THE United States is obliged to help a Philippines that is under attack in its own territory or in the West Philippine Sea (South China Sea), Manila said on Wednesday as it fended off criticisms of a newly signed security deal with Washington.
President Barack Obama on Tuesday declared that the US will defend the Philippines if its long-standing ally in Asia is targeted by external enemies.
His government and Manila had just signed the 10-year Enhanced Defense Cooperation Agreement or Edca, which allows greater American military presence in the Philippines, among other provisions.
Obama, shortly after arrival for a two-day state visit that began on Monday, cited the 1951 Mutual Defense Treaty (MDT) between the two countries but did not mention coming to Manila’s aid in the South China Sea, where China and the Philippines are disputing resource-rich parts.
But before leaving Manila on Tuesday, he said Washington’s commitment to defend the Philippines is “ironclad.”
His statement was echoed by Philippine Foreign Secretary Albert del Rosario, who said in a statement, “Under the [MDT], the United States will come to the assistance of the Philippines if our metropolitan territory is attacked or if our armed forces are attacked in the Pacific area.”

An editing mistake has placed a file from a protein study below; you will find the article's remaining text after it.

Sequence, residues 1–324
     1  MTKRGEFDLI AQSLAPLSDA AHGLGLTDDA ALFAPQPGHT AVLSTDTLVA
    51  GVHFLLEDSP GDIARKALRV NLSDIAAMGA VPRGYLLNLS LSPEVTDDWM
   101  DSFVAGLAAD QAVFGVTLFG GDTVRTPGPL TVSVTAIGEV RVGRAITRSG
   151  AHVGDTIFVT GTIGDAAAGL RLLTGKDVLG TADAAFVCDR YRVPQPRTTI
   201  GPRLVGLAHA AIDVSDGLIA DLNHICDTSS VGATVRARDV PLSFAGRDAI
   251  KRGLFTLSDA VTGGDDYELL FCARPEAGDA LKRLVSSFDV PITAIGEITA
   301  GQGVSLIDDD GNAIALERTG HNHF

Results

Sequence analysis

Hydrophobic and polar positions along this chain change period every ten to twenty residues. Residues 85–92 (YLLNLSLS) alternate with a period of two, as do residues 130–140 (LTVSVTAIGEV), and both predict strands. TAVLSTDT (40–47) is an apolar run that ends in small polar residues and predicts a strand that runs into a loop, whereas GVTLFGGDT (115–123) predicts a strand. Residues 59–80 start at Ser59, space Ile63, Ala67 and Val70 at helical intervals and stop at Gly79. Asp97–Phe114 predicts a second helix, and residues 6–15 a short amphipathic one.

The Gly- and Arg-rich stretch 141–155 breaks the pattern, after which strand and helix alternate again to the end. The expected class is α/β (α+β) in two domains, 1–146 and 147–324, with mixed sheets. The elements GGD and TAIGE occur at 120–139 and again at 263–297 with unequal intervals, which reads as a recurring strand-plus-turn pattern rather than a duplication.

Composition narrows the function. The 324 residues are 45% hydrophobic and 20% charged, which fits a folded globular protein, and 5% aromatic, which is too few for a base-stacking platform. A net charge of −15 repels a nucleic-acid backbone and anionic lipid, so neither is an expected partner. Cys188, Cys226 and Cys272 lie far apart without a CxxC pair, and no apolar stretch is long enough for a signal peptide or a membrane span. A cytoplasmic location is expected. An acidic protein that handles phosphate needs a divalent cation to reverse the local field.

Washington had affirmed in a 1999 diplomatic letter “that the South China Sea is considered as part of the Pacific area,” del Rosario added.
Critics of Edca, including sections of the Philippine media said Manila had gifted US troops with new bases but got nothing in return.
The Philippines has been embroiled in one of the highest-profile territorial disputes with China in the Spratlys, an island chain in the South China Sea believed to sit on huge oil and gas deposits, as well as another fish-rich atoll there.
Manila alleged in a case filed before the United Nations last year that China claims 70 percent of the South China Sea, even waters and islands or reefs close to its neighbors.
The Philippines, which has one of the weakest militaries in the region, has repeatedly called on the United States for help as China has increased military and diplomatic pressure to take control of the contested areas.
It has described Edca as part of efforts to build up its military’s deterrent capability to protect the country’s exclusive rights under international law to sections of the sea closest to major Philippine islands.